Having recently been a chaperone for a fifth grade field trip, I was able to learn more about the complexities of the lunch period. In kindergarten and 1st grade the kids still comply with the no sharing/trading of food from their lunch. As they mature they discover their lunch has value greater than they realized; e.g., lunch items can be used to "buy" M&Ms (or as Frankie called them enimens)!!
Knowing the difference between absolute and relative value of your child's lunch items is they key to your success when preparing these meals.
General Guidelines for the Kid Lunch
1. Small items are good. If the item is good, they get to eat some and trade some. Smaller items are even better.
2. The food better look good. One speck of fat shows up on a piece of chicken and it'll be as popular as anthrax.
3. Lots of items in a lunch is good, it's a kid's version of tapas and it goes for appetizers, main part of the meal and dessert (see tradeability above).
4. I use portion containers a lot, 2 oz *capped* are convenient and about 9 cents each.
5. Plain old savory snack bags: chips, CheezIts, etc. are like gold on the trading table. Never know, they may trade for something healthier.
Suggestions (in progress)
1. Celery sticks and individual peanut butter dipping cups. Kids will eat the celery and share dips, so this is where colds come from.
2. Little slider buns are great for any kind of sandwich, again, the tradeability factor is high, fill with:
- peanut butter and nutella (jelly will sog, so opt for a homemade uncrustable).
- Oscar Mayer has a really good real roasted, not extruded turkey, been a big hit this year
- FAT FREE ham, little bits of exposed fat are NOT good on kid ham
3. Biscuits with a honey to dip on the side. Biscuits have been a big hit this year. I make them in the morning. One for b'fast, two for lunch.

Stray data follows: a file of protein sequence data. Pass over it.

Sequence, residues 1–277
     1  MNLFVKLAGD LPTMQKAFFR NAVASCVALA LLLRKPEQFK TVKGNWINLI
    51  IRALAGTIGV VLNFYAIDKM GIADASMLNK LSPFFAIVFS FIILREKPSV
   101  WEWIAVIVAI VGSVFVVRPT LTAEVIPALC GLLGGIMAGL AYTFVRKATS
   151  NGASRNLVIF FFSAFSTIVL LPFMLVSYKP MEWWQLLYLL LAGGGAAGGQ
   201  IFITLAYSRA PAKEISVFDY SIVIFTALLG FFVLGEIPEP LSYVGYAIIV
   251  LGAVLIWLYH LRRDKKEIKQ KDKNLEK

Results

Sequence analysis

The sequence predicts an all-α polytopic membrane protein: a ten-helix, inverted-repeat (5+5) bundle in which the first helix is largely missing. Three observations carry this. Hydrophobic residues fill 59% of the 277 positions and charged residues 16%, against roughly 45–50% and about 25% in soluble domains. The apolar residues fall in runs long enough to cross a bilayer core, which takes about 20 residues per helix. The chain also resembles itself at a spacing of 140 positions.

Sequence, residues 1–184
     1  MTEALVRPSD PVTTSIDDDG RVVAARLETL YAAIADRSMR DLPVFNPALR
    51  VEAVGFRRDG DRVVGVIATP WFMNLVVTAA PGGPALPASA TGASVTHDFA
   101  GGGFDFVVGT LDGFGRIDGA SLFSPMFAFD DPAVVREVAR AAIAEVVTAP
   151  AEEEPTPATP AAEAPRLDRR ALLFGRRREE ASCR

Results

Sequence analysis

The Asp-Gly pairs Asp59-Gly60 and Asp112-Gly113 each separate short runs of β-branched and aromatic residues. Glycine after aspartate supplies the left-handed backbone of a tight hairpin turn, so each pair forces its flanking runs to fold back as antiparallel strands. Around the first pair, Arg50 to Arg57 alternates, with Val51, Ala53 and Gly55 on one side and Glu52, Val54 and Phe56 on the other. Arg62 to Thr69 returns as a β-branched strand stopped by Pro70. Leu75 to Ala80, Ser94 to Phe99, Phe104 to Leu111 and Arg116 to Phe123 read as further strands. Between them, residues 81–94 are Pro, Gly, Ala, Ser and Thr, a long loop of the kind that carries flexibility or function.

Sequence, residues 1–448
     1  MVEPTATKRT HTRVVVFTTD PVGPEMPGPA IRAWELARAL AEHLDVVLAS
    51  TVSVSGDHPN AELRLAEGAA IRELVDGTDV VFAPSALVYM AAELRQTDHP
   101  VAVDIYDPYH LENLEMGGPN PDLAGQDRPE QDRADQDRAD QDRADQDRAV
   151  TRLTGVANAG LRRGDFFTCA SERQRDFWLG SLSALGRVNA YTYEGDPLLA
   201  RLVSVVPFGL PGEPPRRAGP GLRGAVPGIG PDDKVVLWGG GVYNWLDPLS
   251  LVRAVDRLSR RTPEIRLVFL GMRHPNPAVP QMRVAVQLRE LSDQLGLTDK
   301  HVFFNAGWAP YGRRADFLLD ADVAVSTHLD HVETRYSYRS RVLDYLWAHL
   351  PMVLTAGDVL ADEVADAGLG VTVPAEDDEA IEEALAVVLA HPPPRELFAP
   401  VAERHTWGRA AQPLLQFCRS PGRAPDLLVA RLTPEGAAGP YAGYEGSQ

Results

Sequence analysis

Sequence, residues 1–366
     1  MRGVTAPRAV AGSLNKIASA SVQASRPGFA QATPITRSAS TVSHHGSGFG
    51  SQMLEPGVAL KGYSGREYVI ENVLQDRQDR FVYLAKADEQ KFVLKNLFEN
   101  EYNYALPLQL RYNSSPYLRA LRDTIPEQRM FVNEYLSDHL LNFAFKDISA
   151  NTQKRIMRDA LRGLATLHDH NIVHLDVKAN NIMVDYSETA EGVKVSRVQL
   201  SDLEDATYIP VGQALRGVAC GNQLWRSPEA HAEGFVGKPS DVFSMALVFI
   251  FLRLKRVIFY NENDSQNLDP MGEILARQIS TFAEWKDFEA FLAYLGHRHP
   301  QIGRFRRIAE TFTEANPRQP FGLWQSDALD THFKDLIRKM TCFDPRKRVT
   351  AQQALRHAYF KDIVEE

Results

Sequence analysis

4. Chicken skewers. This is easier than it sounds. A few chunks of chicken breast (marinated/brined) on a short bamboo skewer, peanut sauce is available already made in an Asian market. I make them the night before and fry them on the skewer in the morning.
5. Candy. I often buy a couple boxes of theater sized candy at the supermarket and divide into portion cups (and hide them) for a small dessert.
6. Raw veggies and ranch is a great lunch. Carrots, sugar snap peas, sliced jicama, celery, no cooking!
7. Beef / Pork / Turkey jerky! My girl went through a big phase of this, but it didn't last long. I think it inevitably became out of favor when the first kid said it looked like poo.
8. Rice rolls, or grocery store fish-free sushi. These are a big deal with the more sophisticated kids.
9. Cheese! A piece of cheese, some bread sticks, ham pieces and a raw veggie, not bad and easy to prepare.
10. Fried chicken drumsticks from the grocery store hot food section has been an intermittent success this year. They get to room temp by the time they're eaten, yum!
11. I use cupcake papers to line a small container, and place cut meats, cheese and crackers in them to make a lunchable.
12. Nutella minis! These go with everything or they can eat them neat.